Many times I hear from people in the humanities, "I'm no good at science/physics." Other times I hear people in scientific fields say something similar to "I'm bad at reading/writing." There's an obvious divide between the two sides that proves hard to ameliorate. As a triple major in Astrophysics, English, and Medieval Studies, I've always found that interdisciplinary studies and research is essential to our growth as a society.

In its purest form, science is meant to improve society as well as satisfy curiosity. However, most of the time, if you aren't involved in science, you mostly mute it on a daily basis, even though each aspect is geared towards improving daily life. Usually, we like hearing the bottom line, like a new cure, space missions, improved environmental conditions, etc. However, most of the scientific research takes a lot of time in the research stage, before development can occur. According to this four-part series on the challenges of the scientific community by Boston University, corporations who fund scientific research only funds about 20% research versus 80% development. That's a great discrepancy considering how faulty the data is behind the development if not enough time is spent on discovering the factors behind the "bottom line." Corporate funding can also be biased as well, trying to direct results for their own gains.

Unlike a few centuries ago, when scientific funding was mostly privately garnered, today, most of the funding comes from federal grants. This makes funding competitive, as research must be relevant enough to get funded. Also, in the article from BU, they noted how many postdocs were finding it hard to find a career in academia, like they'd hoped because the funding wasn't there for their positions. Though there still is a ponderous need for people to remain in the field of academia, doing the research and development, there are also other avenues that are still related to science that are also in demand for the future of research.

In an article by a 2016 doctoral candidate, Daniel Pham, who wanted to go into public outreach, he noted the incongruity between scientists' views and the public's view of science. There was a large gap in the knowledge that is standard in academia and that of those outside scientific research. Scientists, he pointed out, were quick to say that their research or research, in general, wasn't always represented right, but they were also hesitant or unwilling to promote their work to the public as it wouldn't further their careers. However, engaging the public is so important because being an advocate for your own research gains insight into its importance. If people don't know what you're doing, they won't care if you get funded or not.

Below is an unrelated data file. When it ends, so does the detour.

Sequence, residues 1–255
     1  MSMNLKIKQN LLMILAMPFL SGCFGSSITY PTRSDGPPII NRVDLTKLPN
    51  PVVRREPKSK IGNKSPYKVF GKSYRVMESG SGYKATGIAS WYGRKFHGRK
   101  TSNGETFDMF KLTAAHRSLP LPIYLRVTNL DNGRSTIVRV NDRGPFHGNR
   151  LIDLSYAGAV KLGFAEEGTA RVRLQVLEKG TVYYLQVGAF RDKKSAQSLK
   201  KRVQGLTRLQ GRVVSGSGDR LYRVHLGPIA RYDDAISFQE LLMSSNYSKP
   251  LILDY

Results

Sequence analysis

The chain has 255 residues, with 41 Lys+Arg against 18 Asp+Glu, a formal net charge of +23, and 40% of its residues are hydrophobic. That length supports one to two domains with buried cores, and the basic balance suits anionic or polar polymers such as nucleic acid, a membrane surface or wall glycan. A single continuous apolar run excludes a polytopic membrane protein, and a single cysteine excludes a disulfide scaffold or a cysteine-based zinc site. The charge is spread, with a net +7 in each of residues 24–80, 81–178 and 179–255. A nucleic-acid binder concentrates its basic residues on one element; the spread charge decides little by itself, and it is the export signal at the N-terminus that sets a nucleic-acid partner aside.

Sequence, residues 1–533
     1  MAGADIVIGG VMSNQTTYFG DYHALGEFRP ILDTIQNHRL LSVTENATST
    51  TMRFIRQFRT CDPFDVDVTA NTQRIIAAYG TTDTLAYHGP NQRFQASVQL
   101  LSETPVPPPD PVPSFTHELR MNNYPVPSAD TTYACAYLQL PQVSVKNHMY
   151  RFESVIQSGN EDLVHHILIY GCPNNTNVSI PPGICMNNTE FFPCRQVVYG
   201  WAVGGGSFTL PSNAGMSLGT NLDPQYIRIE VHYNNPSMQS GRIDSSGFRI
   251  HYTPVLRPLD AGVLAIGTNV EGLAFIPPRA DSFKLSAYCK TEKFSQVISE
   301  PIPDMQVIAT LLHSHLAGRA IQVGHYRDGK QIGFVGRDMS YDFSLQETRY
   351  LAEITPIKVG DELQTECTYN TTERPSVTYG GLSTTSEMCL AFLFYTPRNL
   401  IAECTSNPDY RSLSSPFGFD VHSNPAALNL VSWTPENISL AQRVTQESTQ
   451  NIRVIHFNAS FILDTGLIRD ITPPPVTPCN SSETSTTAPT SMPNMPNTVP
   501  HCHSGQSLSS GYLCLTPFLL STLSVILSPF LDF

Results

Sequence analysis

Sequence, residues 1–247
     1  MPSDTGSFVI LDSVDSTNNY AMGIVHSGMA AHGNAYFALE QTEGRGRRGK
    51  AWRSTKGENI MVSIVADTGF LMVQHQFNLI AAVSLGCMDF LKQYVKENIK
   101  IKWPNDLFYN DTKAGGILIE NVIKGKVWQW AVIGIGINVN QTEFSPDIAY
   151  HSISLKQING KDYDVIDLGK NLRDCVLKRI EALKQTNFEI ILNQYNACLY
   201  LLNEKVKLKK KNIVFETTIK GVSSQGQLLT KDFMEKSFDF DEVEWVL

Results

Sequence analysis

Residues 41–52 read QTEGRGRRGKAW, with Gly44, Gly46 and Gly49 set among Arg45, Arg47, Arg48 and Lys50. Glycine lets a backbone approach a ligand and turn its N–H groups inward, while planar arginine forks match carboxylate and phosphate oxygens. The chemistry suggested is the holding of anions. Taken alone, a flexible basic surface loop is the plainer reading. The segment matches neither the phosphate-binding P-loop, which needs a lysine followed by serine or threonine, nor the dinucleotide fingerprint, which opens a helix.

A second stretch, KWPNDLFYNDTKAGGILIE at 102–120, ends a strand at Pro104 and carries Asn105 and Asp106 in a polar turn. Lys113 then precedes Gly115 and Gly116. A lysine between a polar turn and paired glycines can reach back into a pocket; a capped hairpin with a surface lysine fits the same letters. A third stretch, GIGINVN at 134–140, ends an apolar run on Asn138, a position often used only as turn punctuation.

In the current age of social media and the influx of information on multiple platforms, getting the word out there is effective and possible. According to Pham's article, "A recent study has shown, however, that increased interaction with reporters and the more Twitter mentions a study receives correlate with a higher h-index of the author, a metric for measuring the scientific impact of a publication." The more citations accumulated, the more relevant the work will be.

Though there is a trend among scientists sometimes to stay in their own box, they are urged to step outside or have another step outside the box, in order to lobby for science. "Public engagement, whether it is face-to-face or on social media, will encourage people to think actively about science and understand its relevance to them in their daily lives. Increased interaction with the public will effectively inspire new champions for science research and encourage them to lobby for science." For me, I currently work at the Rutgers Physics Lecture Hall and we are constantly doing outreach for physics.

My boss, Dave Maiullo has an off-Broadway show call "That Physics Show" where he presents physics concepts to audiences of all kinds, relating it to everyday life. We at the lecture hall also do annual science shows call Faraday Shows in December that are free to the public. Traveling to other high schools, grade schools, and middle schools is a constant for us, as we teach the young kids about physics, and hopefully get them interested in it in the future. Many times, kids who've already seen the show want to come back again or are still interested in what we've taught them a year or two prior. Public outreach, in my first-hand opinion, works.

"Beyond the better-known paths in industry, as well as science writing, there is room for doctoral candidates to make their impact in fields beyond academia as policy analysts, consultants, entrepreneurs, and innovators." The people who are unable to or don't wish to join in traditional research have many other areas that are possible. I even went to the 2018 Columbia University's College Undergraduate Women in Physics Conference where people in all sectors like business, fashion, and writing, talked about their careers and how physics is still an integral part, even if it isn't specifically in their title.

Science isn't an isolated topic. It breathes and exists within all aspects of our lives. For those who are struggling to find or decide if they want a position in academia, there are other career avenues that may suit you better. And for the general public, science, the science that cures your diseases, powers your lights and air conditioners (especially in this recent heat wave), and helped create the laptops and smartphones you're reading this on, needs your attention to survive and thrive in the future.